Besides the professional training programs at the Hub, UNCP currently offers a minor in sustainable agriculture and established a bachelor’s degree in biology with an agricultural science emphasis during the 2019-20 academic year. The university’s faculty, staff and students also use local farms for research and training.
“I think one of the things we do really well is respond to the needs of the region,” said Jodi Phelps, UNCP’s chief communications and marketing officer, who noted the long history of farming in Southeastern North Carolina.
According to recent statistics from the N.C. Department of Agriculture and Consumer services, nearly half of Robeson County’s land is used for agriculture.
Like Locklear, many of the students and professionals served by UNCP’s agricultural programs come from family farms they want to keep economically viable.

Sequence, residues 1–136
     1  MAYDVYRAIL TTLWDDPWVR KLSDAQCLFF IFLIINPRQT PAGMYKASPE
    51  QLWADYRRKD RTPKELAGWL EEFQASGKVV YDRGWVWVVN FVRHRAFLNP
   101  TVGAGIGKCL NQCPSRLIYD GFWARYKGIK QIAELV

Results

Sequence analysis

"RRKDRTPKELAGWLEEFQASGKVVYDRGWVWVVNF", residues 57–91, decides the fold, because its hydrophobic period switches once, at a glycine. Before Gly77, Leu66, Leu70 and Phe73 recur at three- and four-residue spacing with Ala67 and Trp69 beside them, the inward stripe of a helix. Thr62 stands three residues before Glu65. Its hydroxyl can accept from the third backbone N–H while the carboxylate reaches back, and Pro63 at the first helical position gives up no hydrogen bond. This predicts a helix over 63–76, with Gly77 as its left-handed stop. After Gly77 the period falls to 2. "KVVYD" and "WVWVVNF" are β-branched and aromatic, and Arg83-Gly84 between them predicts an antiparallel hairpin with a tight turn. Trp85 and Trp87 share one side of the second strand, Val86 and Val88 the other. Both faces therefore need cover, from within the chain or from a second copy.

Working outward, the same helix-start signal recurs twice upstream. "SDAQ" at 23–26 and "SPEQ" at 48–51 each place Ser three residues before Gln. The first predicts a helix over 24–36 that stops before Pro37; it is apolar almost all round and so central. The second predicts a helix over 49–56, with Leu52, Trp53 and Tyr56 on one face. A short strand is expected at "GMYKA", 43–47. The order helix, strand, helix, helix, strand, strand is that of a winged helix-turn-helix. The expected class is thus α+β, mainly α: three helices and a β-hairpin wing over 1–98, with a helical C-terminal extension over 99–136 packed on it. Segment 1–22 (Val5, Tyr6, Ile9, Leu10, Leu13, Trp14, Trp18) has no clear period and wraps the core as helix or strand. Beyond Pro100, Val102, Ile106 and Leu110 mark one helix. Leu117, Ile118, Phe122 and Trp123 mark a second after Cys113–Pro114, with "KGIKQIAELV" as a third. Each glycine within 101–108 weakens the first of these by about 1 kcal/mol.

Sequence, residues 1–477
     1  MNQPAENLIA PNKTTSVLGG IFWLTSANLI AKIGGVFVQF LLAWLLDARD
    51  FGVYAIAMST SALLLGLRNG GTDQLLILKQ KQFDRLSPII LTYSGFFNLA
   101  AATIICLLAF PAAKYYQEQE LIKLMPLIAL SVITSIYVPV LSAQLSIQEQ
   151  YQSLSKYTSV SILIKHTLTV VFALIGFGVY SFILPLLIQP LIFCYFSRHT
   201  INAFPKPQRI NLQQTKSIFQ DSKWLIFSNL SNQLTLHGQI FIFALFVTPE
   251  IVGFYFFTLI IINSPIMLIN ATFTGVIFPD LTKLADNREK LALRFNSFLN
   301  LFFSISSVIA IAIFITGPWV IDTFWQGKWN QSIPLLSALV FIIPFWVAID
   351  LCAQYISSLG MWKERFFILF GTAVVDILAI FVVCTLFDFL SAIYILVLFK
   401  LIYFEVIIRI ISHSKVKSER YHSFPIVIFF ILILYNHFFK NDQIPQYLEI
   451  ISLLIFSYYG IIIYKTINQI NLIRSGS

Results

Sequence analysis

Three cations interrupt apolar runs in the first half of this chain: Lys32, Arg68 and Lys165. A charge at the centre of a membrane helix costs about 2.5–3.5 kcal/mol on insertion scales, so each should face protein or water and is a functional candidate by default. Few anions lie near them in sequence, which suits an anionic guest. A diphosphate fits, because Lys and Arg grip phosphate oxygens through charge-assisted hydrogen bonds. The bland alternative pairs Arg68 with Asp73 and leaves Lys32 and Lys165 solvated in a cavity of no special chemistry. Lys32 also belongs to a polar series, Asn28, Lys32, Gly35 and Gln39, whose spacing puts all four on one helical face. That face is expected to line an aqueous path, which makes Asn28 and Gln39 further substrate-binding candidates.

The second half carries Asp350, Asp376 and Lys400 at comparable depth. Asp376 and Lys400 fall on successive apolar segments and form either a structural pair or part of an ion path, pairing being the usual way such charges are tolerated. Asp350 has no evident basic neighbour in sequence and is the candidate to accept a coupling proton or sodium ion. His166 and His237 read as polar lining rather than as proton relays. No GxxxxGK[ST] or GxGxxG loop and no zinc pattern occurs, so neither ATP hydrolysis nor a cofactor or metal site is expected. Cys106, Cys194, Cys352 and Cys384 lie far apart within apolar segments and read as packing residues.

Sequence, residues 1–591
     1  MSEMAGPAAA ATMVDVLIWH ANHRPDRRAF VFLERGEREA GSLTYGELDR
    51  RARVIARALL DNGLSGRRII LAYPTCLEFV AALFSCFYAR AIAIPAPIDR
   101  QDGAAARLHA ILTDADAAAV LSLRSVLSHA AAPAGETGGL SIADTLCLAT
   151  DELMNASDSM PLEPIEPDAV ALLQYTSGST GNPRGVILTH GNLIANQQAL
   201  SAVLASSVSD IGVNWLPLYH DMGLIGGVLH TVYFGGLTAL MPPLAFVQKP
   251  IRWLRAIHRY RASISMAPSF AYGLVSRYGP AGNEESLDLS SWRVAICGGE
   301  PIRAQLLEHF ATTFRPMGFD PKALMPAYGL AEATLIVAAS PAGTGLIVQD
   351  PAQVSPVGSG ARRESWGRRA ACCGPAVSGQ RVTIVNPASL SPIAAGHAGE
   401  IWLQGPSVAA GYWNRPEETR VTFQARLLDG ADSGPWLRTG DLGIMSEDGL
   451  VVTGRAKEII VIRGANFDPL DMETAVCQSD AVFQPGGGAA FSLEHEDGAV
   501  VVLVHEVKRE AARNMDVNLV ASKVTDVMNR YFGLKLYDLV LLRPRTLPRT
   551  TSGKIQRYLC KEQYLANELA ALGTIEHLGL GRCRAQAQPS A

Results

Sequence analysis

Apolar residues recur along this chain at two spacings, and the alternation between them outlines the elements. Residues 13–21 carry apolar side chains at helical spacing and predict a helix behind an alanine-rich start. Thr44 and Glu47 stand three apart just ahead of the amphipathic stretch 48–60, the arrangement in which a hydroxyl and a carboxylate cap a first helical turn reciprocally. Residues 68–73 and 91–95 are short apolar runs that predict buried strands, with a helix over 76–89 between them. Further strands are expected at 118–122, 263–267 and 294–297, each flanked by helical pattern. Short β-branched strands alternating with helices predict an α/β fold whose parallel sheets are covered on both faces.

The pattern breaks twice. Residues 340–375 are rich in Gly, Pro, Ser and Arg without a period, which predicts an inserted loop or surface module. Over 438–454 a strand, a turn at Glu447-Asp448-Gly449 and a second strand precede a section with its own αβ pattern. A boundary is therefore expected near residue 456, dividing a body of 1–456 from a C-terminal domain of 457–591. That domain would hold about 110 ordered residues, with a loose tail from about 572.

Others want to start new businesses entirely.
Roderick McMillan called the Hub essential in setting up MG3 Farms, his hydroponic farming business that grows a variety of produce from a 10,500-square-foot greenhouse beside his home in Maxton.
When the 29-year-old got laid off from his job at a grain company a couple of years ago, he knew he wanted to be his own boss but didn’t see farming row crops like his father — who maintains 500 acres of corn, wheat and soybeans — as his path.
“I feel like I am called to farm,” said McMillan, who also received a Good Agricultural Practices (GAP) certification through the Hub.
GAP certification ensures that fruits and vegetables are produced, packed, handled and stored as safely as possible to minimize risks of microbial food safety hazards.